e-ISSN 2231-8542
ISSN 1511-3701

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Enhancement of Performance of Farmed Buffaloes Pasture Management and Feed Supplementation in Sabah, Malaysia

Zamri-Saad, M., Azhar, K., Zuki, A. B., Punimin, A. and Hassim, H. A.

Pertanika Journal of Tropical Agricultural Science, Volume 40, Issue 4, November 2017

Keywords: Farmed buffaloes, feed supplementation, pasture, performance, body weight

Published on: 3 Nov 2017

A buffalo-breeding farm run on an extensive grazing system without feed supplementation was selected for this study. Farm records between 2004 and 2011 were analysed for selected parameters, particularly calving rate, calving interval, average daily gain of calves and calf mortality. Following the analysis, interventions were implemented in January 2012, which included increase in pasture area from 399 to 441 acres followed by application of organic fertiliser. The selected breeder buffaloes were prepared for breeding by supplementing palm kernel cake-based feed at the rate of 1.5 kg/animal/day for two weeks before breeder males were introduced at the rate of one male to 20 females. Weaning age was reduced from six to three months. Prior to the intervention, proximate analysis of pasture revealed 7.6% crude protein content; approximately 79% of breeder buffaloes were found with a body score of >3; the average annual calving rate was 22%; the calving interval was 24±11.2 months; average daily gain of calves was 0.89±0.21 kg; the average birth weight was 28.31±3.26 kg; and calf mortality was 26.8±7.0%. Following intervention, proximate analysis of grass revealed 12% crude protein content. With feed supplementation, the percentage of breeder females with a body score of >3 increased to 95%, leading to an average annual calving rate of 50%. Average birth weight was significantly (p<0.05) improved to 35.4±5.39 kg, while the average daily gain was 0.95±0.32 kg. Subsequently, the average calving interval was reduced to 15.2±9.2 months. Similarly, calf mortality rate was significantly (p<0.05) reduced to 17.6±4.7%. In conclusion, improved management, particularly of pasture and feeding, significantly enhanced the performance of farmed buffaloes.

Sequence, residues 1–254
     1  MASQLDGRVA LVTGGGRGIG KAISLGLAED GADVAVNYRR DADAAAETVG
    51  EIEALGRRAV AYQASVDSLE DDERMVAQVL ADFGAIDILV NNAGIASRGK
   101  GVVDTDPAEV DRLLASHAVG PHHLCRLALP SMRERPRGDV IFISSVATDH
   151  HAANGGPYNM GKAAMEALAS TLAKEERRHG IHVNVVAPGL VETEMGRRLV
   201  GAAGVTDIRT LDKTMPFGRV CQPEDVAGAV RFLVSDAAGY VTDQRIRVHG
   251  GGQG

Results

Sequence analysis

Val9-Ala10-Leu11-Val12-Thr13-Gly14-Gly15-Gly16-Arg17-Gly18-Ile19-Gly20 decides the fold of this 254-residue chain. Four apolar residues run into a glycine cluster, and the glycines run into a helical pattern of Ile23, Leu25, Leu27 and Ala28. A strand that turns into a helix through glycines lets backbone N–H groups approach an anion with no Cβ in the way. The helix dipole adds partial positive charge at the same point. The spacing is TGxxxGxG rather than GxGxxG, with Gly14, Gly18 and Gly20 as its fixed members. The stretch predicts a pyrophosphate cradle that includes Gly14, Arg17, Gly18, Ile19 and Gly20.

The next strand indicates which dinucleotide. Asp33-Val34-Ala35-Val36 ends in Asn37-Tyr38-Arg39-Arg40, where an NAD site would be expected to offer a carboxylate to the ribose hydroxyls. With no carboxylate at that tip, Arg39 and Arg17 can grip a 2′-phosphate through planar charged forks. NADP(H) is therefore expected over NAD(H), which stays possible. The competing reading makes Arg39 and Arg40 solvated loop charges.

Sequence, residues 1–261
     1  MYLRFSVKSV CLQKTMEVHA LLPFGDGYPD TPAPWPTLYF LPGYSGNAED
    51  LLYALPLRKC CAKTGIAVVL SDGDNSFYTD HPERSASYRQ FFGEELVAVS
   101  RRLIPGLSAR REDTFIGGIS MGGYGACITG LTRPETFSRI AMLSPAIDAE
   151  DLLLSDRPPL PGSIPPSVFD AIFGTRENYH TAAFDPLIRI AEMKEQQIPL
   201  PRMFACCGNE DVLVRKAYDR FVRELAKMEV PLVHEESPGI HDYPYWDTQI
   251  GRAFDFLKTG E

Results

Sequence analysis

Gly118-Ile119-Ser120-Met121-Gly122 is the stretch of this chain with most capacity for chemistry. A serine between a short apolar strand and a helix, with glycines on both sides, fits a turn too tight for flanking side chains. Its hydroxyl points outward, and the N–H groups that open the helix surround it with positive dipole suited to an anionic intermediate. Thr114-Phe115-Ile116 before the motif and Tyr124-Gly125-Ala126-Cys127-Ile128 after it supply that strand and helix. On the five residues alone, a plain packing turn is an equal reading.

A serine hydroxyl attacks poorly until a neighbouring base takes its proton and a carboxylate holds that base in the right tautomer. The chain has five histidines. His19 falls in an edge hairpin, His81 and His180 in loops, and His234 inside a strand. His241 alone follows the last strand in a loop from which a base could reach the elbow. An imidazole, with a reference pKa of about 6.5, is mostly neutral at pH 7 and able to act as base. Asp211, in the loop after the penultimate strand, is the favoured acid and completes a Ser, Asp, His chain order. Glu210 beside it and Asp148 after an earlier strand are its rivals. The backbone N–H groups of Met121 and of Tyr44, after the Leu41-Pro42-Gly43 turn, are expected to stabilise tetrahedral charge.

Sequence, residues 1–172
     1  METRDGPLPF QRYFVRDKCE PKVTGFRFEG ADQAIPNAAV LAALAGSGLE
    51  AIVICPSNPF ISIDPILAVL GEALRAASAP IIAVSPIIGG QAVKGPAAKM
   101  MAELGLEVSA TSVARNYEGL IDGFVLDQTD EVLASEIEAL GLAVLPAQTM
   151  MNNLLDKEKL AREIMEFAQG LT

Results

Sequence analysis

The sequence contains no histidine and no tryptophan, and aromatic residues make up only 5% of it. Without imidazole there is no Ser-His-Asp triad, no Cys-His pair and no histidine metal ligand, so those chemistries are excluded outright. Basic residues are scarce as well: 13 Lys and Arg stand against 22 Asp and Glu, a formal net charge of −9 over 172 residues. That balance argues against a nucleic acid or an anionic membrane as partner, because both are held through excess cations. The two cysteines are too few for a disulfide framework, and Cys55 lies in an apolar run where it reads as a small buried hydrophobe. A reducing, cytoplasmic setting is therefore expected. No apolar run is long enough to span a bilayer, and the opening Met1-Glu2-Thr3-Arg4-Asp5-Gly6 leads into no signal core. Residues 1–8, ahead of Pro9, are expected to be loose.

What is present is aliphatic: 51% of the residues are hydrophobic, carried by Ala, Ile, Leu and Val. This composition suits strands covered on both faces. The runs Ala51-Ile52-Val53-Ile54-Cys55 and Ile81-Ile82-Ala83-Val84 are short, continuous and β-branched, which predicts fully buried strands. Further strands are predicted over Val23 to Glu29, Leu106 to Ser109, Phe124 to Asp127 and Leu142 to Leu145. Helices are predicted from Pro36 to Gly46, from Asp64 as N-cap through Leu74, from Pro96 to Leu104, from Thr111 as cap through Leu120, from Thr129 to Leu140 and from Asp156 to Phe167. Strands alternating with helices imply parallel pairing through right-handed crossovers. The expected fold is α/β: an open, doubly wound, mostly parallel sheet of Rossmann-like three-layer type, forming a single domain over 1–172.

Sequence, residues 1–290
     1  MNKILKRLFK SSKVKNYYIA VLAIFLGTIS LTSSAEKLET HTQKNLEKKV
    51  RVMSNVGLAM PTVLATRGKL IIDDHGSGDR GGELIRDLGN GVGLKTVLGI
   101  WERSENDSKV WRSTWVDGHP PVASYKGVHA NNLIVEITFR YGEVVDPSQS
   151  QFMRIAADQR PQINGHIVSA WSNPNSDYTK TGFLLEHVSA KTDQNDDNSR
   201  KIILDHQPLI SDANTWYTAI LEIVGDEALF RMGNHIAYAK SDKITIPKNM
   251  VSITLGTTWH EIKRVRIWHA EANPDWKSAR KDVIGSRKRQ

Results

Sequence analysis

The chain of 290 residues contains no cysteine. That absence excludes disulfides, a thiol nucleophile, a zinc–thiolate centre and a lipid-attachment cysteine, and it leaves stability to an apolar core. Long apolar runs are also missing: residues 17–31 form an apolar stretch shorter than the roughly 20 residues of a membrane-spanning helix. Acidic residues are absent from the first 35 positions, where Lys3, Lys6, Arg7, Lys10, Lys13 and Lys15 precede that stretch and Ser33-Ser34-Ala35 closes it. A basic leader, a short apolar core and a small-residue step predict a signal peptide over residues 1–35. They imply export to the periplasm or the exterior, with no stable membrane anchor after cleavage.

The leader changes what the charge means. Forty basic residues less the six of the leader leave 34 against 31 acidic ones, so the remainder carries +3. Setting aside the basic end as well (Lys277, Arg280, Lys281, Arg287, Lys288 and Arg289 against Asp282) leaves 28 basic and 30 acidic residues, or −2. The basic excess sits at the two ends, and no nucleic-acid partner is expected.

ISSN 1511-3701

e-ISSN 2231-8542

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